“In the beginning, we started off with just the light,” says Symington. “But the guys weren’t really fixated on that, they weren’t noticing the light, mainly because it was in the wrong area. So next we set it up to send an email, but that wasn’t visible enough. The challenge was making something that just sticks out.”

In the end the team settled on the use of a TV screen installed in the toolroom, displaying the same alert signs as on the stacklights: yellow when a job is imminent; and red when it is due. This met MTM’s focus on visual management and is working well.

Next steps

Today the new system is running effectively, successfully performing the work once performed by three staff. Indeed, in a way it might be working too well, with the toolroom staff often jumping ahead to perform maintenance on tools that have only just reached their yellow “warning” stage.

“The intention was for yellow to forewarn them, and then when it’s red, they go and get the tool,” says Jayan. “But now when they finish the reds, they’ll finish the yellows too. And it’s easy to understand why, because as soon as you walk into the toolroom, [the on-screen alert] is an eyesore. So the boys are fixated on clearing whatever they see out there.”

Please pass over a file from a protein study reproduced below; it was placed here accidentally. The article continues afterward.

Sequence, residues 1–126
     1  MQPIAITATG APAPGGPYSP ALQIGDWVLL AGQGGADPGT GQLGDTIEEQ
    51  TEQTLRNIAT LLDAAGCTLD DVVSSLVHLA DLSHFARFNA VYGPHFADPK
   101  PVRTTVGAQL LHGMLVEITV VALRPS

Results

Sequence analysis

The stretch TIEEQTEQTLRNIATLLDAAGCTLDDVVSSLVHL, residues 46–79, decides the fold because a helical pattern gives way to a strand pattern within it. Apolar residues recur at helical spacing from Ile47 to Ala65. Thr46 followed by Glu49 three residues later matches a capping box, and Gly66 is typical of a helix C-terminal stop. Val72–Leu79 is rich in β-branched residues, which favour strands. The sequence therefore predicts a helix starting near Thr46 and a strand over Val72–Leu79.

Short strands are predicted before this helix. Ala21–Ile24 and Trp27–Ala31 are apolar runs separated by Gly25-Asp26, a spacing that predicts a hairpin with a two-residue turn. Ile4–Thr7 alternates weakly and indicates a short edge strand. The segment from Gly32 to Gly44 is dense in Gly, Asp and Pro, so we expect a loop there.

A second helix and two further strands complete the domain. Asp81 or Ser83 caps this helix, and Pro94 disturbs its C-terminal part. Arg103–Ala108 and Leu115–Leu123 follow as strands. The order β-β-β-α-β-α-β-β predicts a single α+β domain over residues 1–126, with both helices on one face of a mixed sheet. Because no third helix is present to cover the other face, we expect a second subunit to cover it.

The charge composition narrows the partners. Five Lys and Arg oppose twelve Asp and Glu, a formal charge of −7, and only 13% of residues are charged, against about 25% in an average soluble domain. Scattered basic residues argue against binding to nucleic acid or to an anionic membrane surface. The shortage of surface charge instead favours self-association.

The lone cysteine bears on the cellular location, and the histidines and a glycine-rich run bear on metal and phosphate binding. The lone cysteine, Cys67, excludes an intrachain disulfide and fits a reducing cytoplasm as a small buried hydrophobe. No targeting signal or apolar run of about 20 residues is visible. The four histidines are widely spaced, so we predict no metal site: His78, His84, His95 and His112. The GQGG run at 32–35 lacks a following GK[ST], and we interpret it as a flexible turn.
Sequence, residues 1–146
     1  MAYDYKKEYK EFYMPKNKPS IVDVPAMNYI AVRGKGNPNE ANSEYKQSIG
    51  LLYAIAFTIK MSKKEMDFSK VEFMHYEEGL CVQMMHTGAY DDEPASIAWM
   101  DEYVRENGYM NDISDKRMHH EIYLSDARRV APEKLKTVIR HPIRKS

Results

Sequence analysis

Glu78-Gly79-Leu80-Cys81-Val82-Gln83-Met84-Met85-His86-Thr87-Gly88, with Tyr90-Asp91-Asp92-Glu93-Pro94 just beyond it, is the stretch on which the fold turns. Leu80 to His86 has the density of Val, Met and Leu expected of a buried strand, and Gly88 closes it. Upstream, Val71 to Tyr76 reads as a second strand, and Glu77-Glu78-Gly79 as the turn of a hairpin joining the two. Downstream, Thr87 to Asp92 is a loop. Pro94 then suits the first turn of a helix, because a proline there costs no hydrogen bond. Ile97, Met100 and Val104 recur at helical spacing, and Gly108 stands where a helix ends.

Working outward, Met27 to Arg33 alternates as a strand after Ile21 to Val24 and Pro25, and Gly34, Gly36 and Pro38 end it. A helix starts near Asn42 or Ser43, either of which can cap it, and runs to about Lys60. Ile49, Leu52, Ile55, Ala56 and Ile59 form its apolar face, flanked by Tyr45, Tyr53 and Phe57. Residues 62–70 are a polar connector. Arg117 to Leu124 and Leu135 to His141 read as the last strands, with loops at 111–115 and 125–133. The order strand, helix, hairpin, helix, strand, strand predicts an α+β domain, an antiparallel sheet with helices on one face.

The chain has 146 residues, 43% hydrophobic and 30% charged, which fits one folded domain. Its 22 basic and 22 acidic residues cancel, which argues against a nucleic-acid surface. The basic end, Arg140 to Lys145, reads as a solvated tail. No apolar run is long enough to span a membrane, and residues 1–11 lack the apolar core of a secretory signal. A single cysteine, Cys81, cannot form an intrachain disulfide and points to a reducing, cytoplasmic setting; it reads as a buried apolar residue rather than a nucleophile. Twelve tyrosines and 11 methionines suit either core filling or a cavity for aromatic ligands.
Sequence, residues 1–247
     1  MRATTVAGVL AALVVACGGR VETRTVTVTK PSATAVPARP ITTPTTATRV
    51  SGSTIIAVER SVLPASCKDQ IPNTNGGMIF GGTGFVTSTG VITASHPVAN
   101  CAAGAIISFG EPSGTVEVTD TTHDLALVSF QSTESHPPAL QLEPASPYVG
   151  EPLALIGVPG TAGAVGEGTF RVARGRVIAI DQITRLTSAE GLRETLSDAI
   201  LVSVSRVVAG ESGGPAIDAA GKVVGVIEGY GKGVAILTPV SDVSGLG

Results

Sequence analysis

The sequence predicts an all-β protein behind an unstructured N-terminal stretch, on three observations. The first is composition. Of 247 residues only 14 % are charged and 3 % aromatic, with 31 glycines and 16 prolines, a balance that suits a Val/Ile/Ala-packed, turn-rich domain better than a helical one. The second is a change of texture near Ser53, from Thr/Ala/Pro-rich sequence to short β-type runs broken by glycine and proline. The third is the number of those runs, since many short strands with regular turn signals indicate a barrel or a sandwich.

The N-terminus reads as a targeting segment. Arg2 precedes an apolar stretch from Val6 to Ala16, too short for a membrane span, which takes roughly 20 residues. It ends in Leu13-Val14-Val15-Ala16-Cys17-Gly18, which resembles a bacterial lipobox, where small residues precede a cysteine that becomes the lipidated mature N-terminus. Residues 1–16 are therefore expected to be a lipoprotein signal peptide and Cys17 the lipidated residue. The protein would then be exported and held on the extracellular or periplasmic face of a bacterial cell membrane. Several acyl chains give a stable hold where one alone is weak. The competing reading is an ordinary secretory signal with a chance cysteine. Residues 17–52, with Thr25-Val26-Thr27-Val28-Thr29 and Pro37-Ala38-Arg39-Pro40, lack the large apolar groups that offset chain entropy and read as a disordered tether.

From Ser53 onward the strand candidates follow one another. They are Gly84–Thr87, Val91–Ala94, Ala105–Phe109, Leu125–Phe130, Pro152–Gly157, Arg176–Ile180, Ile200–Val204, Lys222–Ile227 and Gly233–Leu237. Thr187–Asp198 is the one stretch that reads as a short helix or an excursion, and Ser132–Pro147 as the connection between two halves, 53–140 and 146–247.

While such enthusiasm is a nice by-product of the new system, it also opens up the possibility for further efficiency savings. By performing maintenance when the yellow alert is triggered, at 85% of the tool’s lifecycle, a further 15% of the tool’s total capacity is lost. However, by tweaking the threshold at which that warning signal is triggered, MTM has the opportunity to improve utilisation rates.

Beyond that, with the press shop having served as a pilot project, the potential for extending the system is enormous. Most notably, MTM’s moulding shop, which is larger than the press shop, operates a similar manual system for maintenance of tools, and could benefit significantly from an upgrade along the same lines.